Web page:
SCOR expects the actions taken at the January 2023 renewal to achieve an improvement in its net underwriting ratio of around 2.5 to 3.0 percentage points.
Underwriting Ratio is the sum of the gross loss ratio and the external expense ratio.
48% of Swiss Re’s treaty reinsurance business renewed at 1 January 2023, with USD 9.0bn of premiums up for renewal (excluding USD 2.7bn of business reported on a deposit account basis and USD 0.7bn of facultative reinsurance business).
The outcome of the January renewals was said to reflect the elevated risk environment which underpinned higher pricing, and this was a major driver of growth. With a continued focus on portfolio quality and selective underwriting, the overall result was an increase in renewed premiums of 13% to USD10.2bn, compared with a 6% increase in to USD 7.8bn reported at 1 January 2022. Business which was cancelled or replaced included targeted reductions in Property (including some natural catastrophe) and Casualty lines.
Growth in renewed premiums was achieved in all major classes and across all regions except the Americas, where the outcome was unchanged after renewal. A 21% increase in natural catastrophe-related premium volume was propelled by higher rates while exposure to low attaching and aggregate covers was reduced. Growth of 12% in Property was achieved mainly in Asia and EMEA, partially offset by a cautious approach to proportional business in the light of concerns over inflation. Rate increases supported a 10% rise in Specialty premiums, particularly in Cyber, Aviation and Marine, tempered by a more cautious approach to Credit & Surety. Casualty lines grew 11%, boosted by rate improvements and underlying business growth in Asian Motor business, while a more cautious approach was taken on US Large Corporate Risks.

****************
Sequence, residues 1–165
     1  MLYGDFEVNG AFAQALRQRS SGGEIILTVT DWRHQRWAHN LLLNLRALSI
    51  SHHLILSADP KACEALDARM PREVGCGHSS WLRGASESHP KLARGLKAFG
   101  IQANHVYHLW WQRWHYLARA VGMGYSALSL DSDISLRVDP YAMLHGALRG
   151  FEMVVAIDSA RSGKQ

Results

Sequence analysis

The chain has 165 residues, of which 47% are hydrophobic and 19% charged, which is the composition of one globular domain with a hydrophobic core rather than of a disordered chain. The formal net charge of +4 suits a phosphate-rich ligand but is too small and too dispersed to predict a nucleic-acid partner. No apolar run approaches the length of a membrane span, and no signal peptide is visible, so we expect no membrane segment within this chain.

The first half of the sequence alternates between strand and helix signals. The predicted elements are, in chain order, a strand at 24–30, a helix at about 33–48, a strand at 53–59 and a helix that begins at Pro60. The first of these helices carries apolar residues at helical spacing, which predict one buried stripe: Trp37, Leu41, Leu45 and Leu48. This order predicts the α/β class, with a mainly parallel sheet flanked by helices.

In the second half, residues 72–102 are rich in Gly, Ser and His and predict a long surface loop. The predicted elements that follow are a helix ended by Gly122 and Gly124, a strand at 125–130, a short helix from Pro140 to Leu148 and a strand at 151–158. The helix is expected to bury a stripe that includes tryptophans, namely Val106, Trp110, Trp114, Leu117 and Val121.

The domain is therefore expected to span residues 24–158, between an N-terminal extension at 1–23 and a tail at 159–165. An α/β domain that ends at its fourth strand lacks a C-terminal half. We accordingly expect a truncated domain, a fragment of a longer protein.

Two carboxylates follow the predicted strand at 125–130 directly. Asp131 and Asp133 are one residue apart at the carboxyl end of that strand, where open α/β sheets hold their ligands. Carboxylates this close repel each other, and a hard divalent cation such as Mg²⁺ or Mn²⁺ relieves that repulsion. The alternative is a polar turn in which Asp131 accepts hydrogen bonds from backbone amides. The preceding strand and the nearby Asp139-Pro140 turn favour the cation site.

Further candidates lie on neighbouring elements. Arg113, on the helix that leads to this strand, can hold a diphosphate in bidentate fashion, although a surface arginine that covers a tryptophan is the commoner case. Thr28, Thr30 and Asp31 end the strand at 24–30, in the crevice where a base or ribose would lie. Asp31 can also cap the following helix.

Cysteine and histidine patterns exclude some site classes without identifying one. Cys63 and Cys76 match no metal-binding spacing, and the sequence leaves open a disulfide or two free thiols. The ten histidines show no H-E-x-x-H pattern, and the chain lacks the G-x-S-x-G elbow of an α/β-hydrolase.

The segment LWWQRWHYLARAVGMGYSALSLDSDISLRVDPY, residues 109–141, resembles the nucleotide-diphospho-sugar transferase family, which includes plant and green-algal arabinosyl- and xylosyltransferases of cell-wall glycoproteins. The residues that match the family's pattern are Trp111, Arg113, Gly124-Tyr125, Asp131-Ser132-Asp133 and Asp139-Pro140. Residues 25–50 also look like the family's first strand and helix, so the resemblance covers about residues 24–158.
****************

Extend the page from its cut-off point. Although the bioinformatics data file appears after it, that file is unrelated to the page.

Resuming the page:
Swiss Re reported an overall 18% price increase across its renewed book, compared with an average 4% reported at January 2022. The increase was said to offset a 13% rise in loss assumptions, and was most pronounced in natural catastrophe, and took account of Swiss Re’s more prudent view on inflation and loss model updates. The net 5% price increase is expected to translate into an improvement in the underwriting year combined ratio of approximately 3 percentage points.
Structure and terms were said to have improved, with higher attachment points and tightened terms and conditions. The expected outcome January 2023 renewal was said to have achieved an increase in economic profitability of USD 0.8bn on the business renewed, compared with that up for renewal, from an improvement in the nominal technical result and a benefit from higher discount rates.